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Seeing the Infinite in Everything

The infinite is in everything, are you looking? What does it mean to “see God?” Can God be seen? Or is God simply felt and interpreted?

“The Prophets Isaiah and Ezekial dined with me, and I asked them how they dared so roundly to assert that God spake to them; and whether they did not think at the time, that they would be misunderstood, & so be the cause of imposition. Isaiah answer’d. ‘I saw no God, nor heard any, in a finite organical perception; but my senses discover’d the infinite in every thing and as I was then perswaded, & remain confirm’d, that the voice of honest indignation is the voice of God, I cared not for consequences but wrote.’”

(William Blake, “A Memorable Fancy” from The Marriage of Heaven and Hell, plate 12:6-10, ca. 1789-1790).

According to Blake, Isaiah did not organically or finitely see God, but discovered God through his senses. His senses are acute and aware that honest indignation is the voice of God. Try meditating upon that idea. It changed my life when I did.

Blake lived his life reflecting upon the “infinite in everything.” He believed that behind every physical and organic thing there was a spiritual element. In everyday life God could be seen. Blake opposed Enlightenment philosophy in favor of believing there was something not just equally real, but more real, beyond organic matter.

For Blake, seeing did not mean viewing something with your eyes, it meant seeing with your mind, heart, soul and spirit. It meant discovering the presence of God everywhere.

What would it look like if you began searching for God in all areas of your life? In everything you see, feel and experience? Would your perspective change? Maybe God is not somewhere out there, but right here.

When you ask God to come and meet you in a time of need, maybe your request is really bringing you to Him. Perhaps when the call is answered it does not mean that God has arrived, but that you have arrived. Maybe seeing God means being at a place where you can see the Infinite God at work in everything.

Think about it, and let me know your thoughts on the matter.

Comments

There is a sentiment here that my heart resonates with. God is creator. As such, he has had His hand in making everything. He understands how this world works, He may be the only one. He can often use the ordinary moments to point us towards the Divine. That is the essence of general revelation, that God reveals Himself plainly through the created order. There is a rhythm to life, a pulse that beats behind this world that draws our soul's song towards the Creator.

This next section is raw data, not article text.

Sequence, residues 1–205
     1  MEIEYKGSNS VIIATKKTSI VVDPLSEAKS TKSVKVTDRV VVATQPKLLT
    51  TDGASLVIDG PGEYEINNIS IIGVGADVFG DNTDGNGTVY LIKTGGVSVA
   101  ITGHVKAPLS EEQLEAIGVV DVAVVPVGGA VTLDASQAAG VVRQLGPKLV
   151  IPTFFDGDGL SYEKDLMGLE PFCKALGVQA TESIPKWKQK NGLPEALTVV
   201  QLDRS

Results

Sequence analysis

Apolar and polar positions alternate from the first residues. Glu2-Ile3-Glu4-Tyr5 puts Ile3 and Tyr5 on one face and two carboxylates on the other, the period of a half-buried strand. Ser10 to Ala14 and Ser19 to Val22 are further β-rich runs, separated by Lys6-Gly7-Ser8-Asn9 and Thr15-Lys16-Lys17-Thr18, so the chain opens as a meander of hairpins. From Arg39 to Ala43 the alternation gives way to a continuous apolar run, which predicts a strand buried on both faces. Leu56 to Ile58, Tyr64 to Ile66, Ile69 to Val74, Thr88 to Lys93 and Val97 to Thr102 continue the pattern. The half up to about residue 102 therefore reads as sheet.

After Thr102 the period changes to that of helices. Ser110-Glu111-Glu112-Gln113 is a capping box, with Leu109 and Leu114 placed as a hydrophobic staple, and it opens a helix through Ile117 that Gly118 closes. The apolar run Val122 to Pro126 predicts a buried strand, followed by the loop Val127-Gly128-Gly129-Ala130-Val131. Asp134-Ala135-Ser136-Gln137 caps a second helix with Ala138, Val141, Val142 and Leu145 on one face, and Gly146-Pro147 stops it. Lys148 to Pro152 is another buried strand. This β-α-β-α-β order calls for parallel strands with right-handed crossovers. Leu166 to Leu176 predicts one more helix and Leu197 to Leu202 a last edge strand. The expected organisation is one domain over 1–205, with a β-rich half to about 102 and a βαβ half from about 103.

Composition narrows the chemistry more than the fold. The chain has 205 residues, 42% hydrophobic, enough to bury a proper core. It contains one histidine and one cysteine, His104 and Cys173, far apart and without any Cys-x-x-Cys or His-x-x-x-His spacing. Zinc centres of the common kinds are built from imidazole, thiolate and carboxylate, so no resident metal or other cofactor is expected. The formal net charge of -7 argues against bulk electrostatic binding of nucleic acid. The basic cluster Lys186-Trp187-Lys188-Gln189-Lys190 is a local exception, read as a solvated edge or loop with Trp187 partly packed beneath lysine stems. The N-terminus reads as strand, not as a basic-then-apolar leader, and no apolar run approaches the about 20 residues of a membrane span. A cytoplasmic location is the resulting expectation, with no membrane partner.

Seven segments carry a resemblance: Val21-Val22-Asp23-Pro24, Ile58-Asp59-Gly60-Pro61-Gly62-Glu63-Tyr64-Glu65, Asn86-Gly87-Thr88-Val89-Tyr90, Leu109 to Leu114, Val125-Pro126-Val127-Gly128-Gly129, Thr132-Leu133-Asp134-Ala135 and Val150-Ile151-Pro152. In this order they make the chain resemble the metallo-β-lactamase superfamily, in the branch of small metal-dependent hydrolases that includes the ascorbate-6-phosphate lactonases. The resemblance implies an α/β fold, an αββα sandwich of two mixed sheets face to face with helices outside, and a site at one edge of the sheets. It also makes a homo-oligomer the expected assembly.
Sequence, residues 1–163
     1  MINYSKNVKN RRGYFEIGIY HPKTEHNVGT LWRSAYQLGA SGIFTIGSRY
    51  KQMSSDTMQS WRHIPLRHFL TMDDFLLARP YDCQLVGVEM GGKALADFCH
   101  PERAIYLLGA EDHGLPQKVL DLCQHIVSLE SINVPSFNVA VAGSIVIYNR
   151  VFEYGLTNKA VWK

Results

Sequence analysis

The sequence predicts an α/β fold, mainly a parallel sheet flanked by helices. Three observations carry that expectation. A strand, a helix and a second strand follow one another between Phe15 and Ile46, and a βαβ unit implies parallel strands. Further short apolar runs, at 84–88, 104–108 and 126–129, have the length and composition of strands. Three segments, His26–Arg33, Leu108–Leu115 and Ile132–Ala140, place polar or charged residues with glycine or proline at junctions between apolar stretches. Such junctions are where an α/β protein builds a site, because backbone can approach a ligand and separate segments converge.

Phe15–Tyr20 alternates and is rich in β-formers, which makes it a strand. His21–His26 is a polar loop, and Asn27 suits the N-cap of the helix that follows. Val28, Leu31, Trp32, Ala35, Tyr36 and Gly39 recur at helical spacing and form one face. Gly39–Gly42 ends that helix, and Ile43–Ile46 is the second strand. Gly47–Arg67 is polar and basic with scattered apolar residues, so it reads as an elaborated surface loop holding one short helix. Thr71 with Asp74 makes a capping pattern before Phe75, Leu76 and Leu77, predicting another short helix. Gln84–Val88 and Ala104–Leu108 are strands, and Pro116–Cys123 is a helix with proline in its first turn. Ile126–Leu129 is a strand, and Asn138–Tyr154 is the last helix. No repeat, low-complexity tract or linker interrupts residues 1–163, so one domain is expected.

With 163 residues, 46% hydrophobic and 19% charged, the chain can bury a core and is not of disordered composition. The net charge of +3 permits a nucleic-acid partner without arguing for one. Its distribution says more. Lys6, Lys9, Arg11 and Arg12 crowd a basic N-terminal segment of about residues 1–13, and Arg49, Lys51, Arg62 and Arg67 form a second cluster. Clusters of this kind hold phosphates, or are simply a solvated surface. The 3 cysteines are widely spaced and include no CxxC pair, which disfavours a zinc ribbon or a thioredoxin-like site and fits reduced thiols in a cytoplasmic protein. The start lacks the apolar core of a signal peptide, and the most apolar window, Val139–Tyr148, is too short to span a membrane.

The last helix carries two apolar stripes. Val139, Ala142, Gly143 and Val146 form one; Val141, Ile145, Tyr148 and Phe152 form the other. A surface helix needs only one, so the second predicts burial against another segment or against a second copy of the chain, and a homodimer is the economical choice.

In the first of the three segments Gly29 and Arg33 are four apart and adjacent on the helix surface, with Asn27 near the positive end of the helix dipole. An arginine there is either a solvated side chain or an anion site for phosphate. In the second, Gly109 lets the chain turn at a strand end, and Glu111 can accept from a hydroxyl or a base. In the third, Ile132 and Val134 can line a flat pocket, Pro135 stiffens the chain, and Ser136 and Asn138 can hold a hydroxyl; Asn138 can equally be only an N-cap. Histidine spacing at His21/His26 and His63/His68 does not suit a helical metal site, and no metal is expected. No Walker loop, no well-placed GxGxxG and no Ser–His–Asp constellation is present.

The problem often, when you spend your days looking for the infinite in the finite, is you tend to over-spiritualize things. Your stare at a falling leaf and come to the conclusion that God is going to send you down a certain road for a season. (Not saying that He couldn't communicate in that fashion, but if He were to, we would only know it because of the work of the Holy Spirit in our hearts. Perhaps another discussion for a later time.) What we have to remember is sometimes a falling leaf is simply that, a falling leaf. I've run into this type of deconstruction mindset often when I have shared my writings with others. They see all this inner tension, emotion, and story between the lines, as they read about an emerald, when really all that's there is an emerald. Sometimes a falling leaf is just a falling leaf.

As such, however, God did reveal himself in a much more personal way, through His Son Jesus Christ. It is through Jesus that God chose to reveal His heart for us, His desire for our lives and His plan to restore the relationship that was broken. That is what we talk about when we talk about Special Revelation. God not only created this world, but saw fit to inject Himself into it in order to redeem this world. God stepped into time, so that we might fully know Him and be restored to the relationship that we had broken.

So to say that the infinite is in everything is one thing, but we must recognize that we can only know the Infinite fully through One person. If you want to know what God is like, get to know Jesus. Look at His heart for people, His devotion to the mission God has placed before Him, and the gift that He gave humanity by His blood. It is in coming to know Jesus, you come to know God, even as you are already fully known!